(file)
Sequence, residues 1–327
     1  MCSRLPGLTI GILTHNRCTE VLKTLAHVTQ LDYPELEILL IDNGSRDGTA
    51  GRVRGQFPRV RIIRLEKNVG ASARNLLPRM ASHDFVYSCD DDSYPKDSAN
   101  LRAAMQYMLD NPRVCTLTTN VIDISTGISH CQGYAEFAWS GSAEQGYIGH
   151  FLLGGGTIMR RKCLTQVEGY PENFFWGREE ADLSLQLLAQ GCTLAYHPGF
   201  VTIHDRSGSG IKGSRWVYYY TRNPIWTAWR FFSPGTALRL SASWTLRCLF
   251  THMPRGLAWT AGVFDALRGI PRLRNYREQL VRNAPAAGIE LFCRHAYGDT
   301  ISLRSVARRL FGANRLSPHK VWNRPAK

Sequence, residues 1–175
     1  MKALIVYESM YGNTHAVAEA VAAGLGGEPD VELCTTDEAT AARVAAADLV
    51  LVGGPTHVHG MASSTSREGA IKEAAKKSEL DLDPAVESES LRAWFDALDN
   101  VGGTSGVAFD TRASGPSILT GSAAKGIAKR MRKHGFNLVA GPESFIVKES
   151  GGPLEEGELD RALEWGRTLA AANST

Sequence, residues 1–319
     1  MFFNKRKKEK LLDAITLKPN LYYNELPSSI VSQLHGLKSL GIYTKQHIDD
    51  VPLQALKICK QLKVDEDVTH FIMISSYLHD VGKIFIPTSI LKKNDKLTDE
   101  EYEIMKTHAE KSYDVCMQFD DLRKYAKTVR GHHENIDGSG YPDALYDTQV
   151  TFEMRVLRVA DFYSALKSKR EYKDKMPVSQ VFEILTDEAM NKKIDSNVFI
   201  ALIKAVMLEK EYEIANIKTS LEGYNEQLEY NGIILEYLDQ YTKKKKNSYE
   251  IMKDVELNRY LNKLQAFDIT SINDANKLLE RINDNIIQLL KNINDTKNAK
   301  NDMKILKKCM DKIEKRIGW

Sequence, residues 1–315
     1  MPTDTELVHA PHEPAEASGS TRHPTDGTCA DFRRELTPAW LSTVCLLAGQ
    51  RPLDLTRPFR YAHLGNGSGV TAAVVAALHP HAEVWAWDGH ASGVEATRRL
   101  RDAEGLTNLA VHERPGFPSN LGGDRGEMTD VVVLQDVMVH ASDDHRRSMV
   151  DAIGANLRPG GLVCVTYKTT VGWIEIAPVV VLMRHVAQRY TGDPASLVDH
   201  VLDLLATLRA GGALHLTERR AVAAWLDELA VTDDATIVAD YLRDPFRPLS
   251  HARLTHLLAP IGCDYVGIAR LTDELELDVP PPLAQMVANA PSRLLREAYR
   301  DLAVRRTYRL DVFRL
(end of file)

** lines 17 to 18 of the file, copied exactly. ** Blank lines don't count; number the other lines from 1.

   101  EYEIMKTHAE KSYDVCMQFD DLRKYAKTVR GHHENIDGSG YPDALYDTQV
   151  TFEMRVLRVA DFYSALKSKR EYKDKMPVSQ VFEILTDEAM NKKIDSNVFI